Fungus gnats are sometimes confused with other small flies not discussed here, including black flies, midges, mosquitoes, shore flies, moth flies, and March flies. Adult fungus gnats are dark, delicate-looking insects, similar in appearance to mosquitoes. They have slender legs and segmented antennae that are longer than their heads. Adults commonly are about 1/8 to 1/16-inch long with wings that are light gray to clear. The common species have a Y-shaped wing vein. Fungus gnats are relatively weak fliers and remain near plants running or resting on growing media, foliage, or plant litter. They have mandibles for gnawing and tunneling.

Females lay tiny eggs in moist organic debris or potting soil. The ¼ inch-long larvae have a shiny black head and an elongated, whitish-to-clear, legless body. They eat organic mulch, leaf mold, grass clippings, compost, root hairs, algae, and fungi. If conditions are especially moist and fungus gnats are abundant, larvae can leave slime trails on the surface of media that look like trails from small snails or slugs.

Life Cycle

Fungus gnats develop through four stages: egg, larvae (four larval stages or instars), pupa, and adult. They produce many generations in a year. Adult females deposit 30 to 200 whitish-yellow eggs singly or in clusters in crevices or cracks on the surface of growing media, and in moist, organic debris. They prefer to lay eggs where the fungus is growing. Indoors, they occur any time of year.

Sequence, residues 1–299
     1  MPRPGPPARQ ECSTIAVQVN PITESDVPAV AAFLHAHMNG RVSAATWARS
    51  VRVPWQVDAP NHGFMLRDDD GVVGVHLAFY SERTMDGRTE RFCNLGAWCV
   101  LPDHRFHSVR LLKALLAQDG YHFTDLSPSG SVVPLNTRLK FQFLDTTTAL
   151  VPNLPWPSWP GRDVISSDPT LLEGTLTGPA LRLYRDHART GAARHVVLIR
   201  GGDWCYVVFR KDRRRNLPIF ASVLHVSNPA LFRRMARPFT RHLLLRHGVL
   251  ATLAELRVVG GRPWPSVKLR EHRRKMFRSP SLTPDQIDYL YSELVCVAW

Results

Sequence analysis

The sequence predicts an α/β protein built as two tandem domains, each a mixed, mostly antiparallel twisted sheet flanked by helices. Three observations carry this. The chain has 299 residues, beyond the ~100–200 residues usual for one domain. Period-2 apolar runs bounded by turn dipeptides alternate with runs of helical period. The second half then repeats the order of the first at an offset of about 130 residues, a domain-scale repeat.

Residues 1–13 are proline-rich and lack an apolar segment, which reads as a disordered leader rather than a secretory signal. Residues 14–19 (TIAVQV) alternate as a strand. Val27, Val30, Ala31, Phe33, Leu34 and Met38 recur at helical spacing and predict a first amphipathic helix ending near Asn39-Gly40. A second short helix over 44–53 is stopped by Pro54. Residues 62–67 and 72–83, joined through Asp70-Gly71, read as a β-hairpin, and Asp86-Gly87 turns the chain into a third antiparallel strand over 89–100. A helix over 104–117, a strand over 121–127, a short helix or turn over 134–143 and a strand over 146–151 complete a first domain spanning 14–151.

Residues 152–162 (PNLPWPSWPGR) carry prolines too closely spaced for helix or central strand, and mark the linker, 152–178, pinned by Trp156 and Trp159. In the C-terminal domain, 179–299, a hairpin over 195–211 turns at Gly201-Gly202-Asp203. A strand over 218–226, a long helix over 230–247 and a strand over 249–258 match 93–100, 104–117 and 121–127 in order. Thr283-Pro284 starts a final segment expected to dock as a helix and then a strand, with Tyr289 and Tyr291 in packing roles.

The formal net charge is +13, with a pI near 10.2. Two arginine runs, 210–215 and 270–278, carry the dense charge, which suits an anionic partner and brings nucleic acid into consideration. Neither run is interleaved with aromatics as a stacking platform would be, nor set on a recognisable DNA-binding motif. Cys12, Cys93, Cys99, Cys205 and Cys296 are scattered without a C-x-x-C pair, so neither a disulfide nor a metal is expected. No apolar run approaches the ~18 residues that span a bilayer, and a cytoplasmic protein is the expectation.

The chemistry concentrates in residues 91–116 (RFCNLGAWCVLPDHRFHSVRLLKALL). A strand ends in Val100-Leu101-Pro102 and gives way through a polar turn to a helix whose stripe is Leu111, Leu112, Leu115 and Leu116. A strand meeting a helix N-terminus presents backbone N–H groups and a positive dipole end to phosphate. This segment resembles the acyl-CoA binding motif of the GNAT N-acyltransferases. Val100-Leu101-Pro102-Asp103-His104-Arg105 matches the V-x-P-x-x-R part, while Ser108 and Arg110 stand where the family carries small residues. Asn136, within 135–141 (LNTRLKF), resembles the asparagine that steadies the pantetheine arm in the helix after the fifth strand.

The larvae feed for about 2 weeks and then pupate near the soil surface within thread chambers. After 3 to 7 days in the pupal stage, adults emerge and live for about 8 days. The gnats develop from egg to adult in 3 to 4 weeks. Their life cycle is dependent on temperature. The developmental time increases as temperature decreases.

Integrated Pest Management Strategies

1. Live with the gnats. If damage is minimal, the prudent thing to do is do nothing.